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Gymnema, also commonly referred to as gymnema sylvestre, is an herb that grows in south central India, where it was first used in naturopathy or alternative medicine for its potential health benefits. Due to its effects on how the body reacts to and regulates sugar, many believe that this herb can have a positive effect on diabetes and obesity, as well as other conditions. It may also help with digestion.
The strongest active components of the plant are called gymnemic acids, taken from either the leaves or root. The acids affect two particular areas of the body. First, they can permeate the taste buds on the tongue that detect sweet flavors. As the acids are digested, they act on the surface of the intestines. In both places, the herb is able to help decrease the intake of sugars.
By inhibiting sugar absorption, gymnema could help to lower and regulate blood sugar levels, and it is used widely as a supplement for people with type 1 and type 2 diabetes. The herb has also demonstrated the ability to aid the body’s production of insulin. This may be because it can stimulate the growth of cells in the pancreas, the organ that produces insulin. The extract is not recommended by many professionals as a treatment on its own, yet it can be taken in conjunction with insulin or other diabetes medications.
Gymnema may also promote weight loss. When the herb blocks the taste buds that detect the sweet sensation, sugar cravings or a “sweet tooth” may be curbed. Supplements are available and commonly taken with meals because they may help the body process dense carbohydrates and sugars that would otherwise be stored as fat.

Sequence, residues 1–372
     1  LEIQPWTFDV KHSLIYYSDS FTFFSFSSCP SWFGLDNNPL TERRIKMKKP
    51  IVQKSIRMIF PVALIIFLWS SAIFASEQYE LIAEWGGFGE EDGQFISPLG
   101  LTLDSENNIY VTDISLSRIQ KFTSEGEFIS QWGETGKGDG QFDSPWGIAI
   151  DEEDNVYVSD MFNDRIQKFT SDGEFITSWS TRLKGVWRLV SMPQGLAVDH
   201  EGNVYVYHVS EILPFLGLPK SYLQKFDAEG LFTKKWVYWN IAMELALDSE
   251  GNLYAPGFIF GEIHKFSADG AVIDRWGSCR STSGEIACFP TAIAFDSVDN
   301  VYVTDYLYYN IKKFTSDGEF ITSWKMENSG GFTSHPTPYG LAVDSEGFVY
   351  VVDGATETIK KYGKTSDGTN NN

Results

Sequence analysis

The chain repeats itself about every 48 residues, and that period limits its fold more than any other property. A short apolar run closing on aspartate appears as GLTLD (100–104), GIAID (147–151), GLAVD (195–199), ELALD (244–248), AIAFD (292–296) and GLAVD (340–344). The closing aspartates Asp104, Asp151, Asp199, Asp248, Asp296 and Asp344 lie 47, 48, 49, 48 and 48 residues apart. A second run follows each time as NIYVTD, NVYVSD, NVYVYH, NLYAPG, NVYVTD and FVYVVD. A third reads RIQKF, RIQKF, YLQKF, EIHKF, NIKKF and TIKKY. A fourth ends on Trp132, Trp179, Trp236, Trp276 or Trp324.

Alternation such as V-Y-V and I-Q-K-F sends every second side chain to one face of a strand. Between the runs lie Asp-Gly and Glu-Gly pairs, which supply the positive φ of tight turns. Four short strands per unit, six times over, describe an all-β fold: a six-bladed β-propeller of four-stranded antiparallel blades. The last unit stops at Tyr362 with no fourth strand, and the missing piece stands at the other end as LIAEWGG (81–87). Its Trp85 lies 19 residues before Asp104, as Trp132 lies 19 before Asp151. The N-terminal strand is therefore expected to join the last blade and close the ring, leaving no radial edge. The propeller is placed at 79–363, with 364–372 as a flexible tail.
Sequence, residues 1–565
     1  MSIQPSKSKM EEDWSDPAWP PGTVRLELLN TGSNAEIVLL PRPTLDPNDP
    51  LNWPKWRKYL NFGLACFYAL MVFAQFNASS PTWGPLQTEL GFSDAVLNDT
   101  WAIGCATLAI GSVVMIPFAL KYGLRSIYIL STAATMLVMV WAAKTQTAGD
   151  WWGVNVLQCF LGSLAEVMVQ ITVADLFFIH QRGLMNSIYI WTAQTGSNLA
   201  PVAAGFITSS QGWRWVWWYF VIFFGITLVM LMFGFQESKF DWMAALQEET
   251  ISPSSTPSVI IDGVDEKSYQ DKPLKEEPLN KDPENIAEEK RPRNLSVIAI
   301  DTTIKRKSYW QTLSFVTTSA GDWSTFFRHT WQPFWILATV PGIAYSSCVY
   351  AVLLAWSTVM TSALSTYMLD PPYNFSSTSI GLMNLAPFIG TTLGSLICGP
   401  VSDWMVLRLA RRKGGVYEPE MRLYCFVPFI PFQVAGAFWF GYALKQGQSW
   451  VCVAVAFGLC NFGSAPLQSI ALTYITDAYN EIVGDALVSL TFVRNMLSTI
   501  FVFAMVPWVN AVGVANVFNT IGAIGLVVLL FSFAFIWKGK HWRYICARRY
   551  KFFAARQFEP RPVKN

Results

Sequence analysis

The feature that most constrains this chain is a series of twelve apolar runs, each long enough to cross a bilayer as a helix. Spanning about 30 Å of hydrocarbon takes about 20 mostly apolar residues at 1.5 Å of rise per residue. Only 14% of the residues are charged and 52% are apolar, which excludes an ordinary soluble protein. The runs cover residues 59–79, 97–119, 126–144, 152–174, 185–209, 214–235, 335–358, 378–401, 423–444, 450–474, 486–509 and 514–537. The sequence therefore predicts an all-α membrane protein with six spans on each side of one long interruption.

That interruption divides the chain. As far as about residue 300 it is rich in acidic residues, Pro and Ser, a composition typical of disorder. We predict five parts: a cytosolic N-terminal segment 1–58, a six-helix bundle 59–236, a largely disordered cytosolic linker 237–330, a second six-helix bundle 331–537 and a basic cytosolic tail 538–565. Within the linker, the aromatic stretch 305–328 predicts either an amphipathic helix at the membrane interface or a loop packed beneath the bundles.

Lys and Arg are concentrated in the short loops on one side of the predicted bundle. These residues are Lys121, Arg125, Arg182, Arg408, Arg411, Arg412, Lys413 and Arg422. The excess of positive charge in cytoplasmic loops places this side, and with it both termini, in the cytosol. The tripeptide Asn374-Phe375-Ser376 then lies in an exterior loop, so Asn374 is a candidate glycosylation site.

The herbal extract has been used for a wide variety of further health benefits. Digestion may improve when taking the herb because of its effects on the absorptive lining of the intestines, blocking foods that may cause some people to experience indigestion. Furthermore, the extract can work as a diuretic, helping to dispel excess water, and as a laxative. In India, gymnema has been used topically to treat snakebites as well.
Sufficient testing on gymnema has not yet been done, and one should consult a physician before taking the supplement regularly, as allergies or problems during pregnancy or breastfeeding could occur. Those who already take medications for diabetes should keep in mind that gymnema can accumulate in the body, and blood sugar levels could get too low as a result. Those needing surgery should stop taking the herb at least two weeks prior, as the effect on blood sugar levels could cause problems.
I have tried the gymnema leaf and it was strange because after consuming it, the sweets that I usually love didn't have the same taste. So, since I didn't want them as much, I was able to say no to seconds and thirds.
I keep up with herbal supplements in general and the various benefits they provide, but I hadn't heard of gymnema supplements before reading the article. From my reading of the article, the herb sounds like one worth investigating.
There are so many people with diabetes and problems regulating sugar levels in general. Wouldn't it be great if the gymneme herb could help them?
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